The pro-Iran engagement policy camp long advocated how a nuclear agreement with Iran would lead to a slate of numerous changes sought in the regime, rendering benefits to go around for everyone. More than one year down this road, the world has witnessed many changes in Iran. However, they are nothing to boast about.
Iran Has Changed, But For The Worse
Iranian President Hassan Rouhani gives a press conference in Tehran on January 17, 2017, to mark the first anniversary of the implementation of a historic nuclear deal. (ATTA KENARE/AFP/Getty Images)
By Heshmat Alavi
Saturday, 21 January 2017
The nuclear accord, while it should have never been supported or discussed by the international community in the first place, has been successively violated by the Iranian regime. Tehran continues its atrocious executions, human rights violations and ongoing oppression of ordinary citizens inside the country. And the mullahs in Tehran have continued their mantra of exporting “Islamic Revolution” by engulfing the entire Middle East, and beyond, into mayhem, as we are unfortunately witnessing so vividly today in Syria.
Iranian President Hassan Rouhani gives a press conference in Tehran on Jaunary 17, 2017, to mark the first anniversary of the implementation of a historic nuclear deal. (ATTA KENARE/AFP/Getty Images)
The main “change” we have witnessed in Iran has been the numerous instances where the regime has either stretched or actually violated the flaw-riddled Joint Comprehensive Plan of Action (JCPOA), the heavy water-level limit aggression being the latest such case.
The reinstatement of the Iran Sanctions Act with 99 votes in favor was a very important first step. This move has set an example of what is needed to guarantee Iran understands there will be consequences for agreement violations. And yet we need to go beyond and build upon this momentum.
This is the time to counter Iran’s terrorism in the region and the world. Iran is and has been, of course, the world’s leading state-sponsor of terrorism. Iran is busy destabilizing Syria with an incredible human catastrophe, as in Iraq, Yemen and Lebanon, boasting about enjoying control over four Arab capitals of the region.
The “change” we have seen in this regard is that Tehran is willing to dispatch tens of thousands of proxy militias to Syria and repeat a Srebrenica-style massacre, caring not an iota about how the international community might respond. Let us hope Aleppo has opened our eyes to the horrific potential in Iran’s support for extremism and its export of Islamic fundamentalism.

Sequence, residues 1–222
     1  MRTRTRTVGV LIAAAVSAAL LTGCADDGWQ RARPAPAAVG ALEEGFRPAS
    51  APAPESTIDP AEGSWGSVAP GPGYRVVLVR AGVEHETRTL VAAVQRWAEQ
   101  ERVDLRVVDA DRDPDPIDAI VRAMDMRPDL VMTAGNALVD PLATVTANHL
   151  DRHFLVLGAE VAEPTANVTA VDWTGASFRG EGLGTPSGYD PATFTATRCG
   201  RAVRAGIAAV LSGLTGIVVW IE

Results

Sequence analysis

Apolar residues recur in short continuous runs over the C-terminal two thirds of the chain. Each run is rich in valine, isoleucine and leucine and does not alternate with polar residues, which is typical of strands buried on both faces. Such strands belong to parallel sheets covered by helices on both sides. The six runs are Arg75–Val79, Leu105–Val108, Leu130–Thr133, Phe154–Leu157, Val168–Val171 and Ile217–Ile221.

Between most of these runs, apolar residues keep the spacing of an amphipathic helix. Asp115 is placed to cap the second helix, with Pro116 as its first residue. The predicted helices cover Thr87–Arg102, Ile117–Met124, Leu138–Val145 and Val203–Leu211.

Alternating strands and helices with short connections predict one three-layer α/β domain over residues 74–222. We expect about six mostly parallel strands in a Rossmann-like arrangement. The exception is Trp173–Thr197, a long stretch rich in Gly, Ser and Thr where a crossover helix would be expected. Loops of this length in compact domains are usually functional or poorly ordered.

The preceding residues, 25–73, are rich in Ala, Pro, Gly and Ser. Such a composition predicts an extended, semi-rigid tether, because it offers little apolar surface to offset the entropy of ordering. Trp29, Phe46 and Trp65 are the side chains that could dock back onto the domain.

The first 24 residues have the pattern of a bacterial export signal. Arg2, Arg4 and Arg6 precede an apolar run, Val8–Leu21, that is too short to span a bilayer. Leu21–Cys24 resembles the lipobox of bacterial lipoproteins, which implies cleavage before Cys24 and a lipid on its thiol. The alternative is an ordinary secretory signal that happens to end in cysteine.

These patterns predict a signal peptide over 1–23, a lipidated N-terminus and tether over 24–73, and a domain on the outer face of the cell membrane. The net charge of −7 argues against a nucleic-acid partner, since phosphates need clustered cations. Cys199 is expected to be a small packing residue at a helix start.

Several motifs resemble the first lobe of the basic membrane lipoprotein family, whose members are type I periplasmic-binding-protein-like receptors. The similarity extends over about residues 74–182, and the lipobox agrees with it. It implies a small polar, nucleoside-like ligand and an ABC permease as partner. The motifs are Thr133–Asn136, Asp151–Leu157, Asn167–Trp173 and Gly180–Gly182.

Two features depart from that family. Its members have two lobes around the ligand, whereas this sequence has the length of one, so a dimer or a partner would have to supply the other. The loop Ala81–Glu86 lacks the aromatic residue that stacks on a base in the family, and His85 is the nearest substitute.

The “change” the world has witnessed in Iran’s pursuit of a vast weapons-of-mass-destruction program is its bold new approach in proliferating efforts related to mastering ballistic missiles. Iran’s missile tests have continued to violate United Nations Security Council resolutions, yet there has been hardly any serious global response.
Iran’s ballistic missile tests “are not consistent with the constructive spirit” of the JCPOA, former UN Secretary-General Ban Ki-moon said in a report.
As we speak, reports indicate the Iran-fostered and -nurtured Lebanese Hezbollah vaunts of stocking over 120,000 missiles in its arsenal. If gone unanswered, there is no limit to what extent Iran will exploit the lack of will diseasing the international community.
This is the time to confront Iran over its violation of human rights on its own home turf. In 2009, the Iranian people revolted for their God-given rights, shaking the very pillars of the regime’s foundations. And yet former U.S. President Barack Obama, then recently elected to the White House by the American people with high hopes of “change,” failed to respond to their cries for support. The oppression and repression of the mullahs’ regime that followed is something the world should never forget.
As Obama continued his devastating appeasement policy with Iran, the mullahs have not changed their course. They have not changed their designs. They have not changed their hegemonic focus.
Senator Robert Menendez questions witnesses during a Senate Foreign Relations Committee
hearing in Washington, D.C. on July 23, 2015. (Andrew Harrer/Bloomberg)
This is a time for the United States to respond. Senator Robert Menendez (D-NJ) has in cooperation with Senator Robert Corker (R-TN), chairman of the Foreign Relations Committee, introduced the Countering Iran Threat Act. This, too, is an initiative that the next Congress can and is recommended to build upon.
If so, this can be the building blocks of the West, spearheaded by America, deterring Iranian aggression. This can lead us, as a world, in moving to a better day and a higher hope where the Iranian people can ultimately achieve the freedoms and blessings the democratic world enjoys today.
The world now finds itself before an opportunity to counter Iran’s continuing threats. We are entering a new era in American foreign and national security policy.
In a letter hand-delivered to U.S. President Donald Trump, nearly two dozen former senior U.S. government officials–representing a rare bipartisan spectrum–urged Washington to work with the Iranian opposition National Council of Resistance of Iran.
As Iran continues its domestic oppression and military buildup, this should be one focus of the Trump administration’s foreign policy and the agenda of the new Congress.
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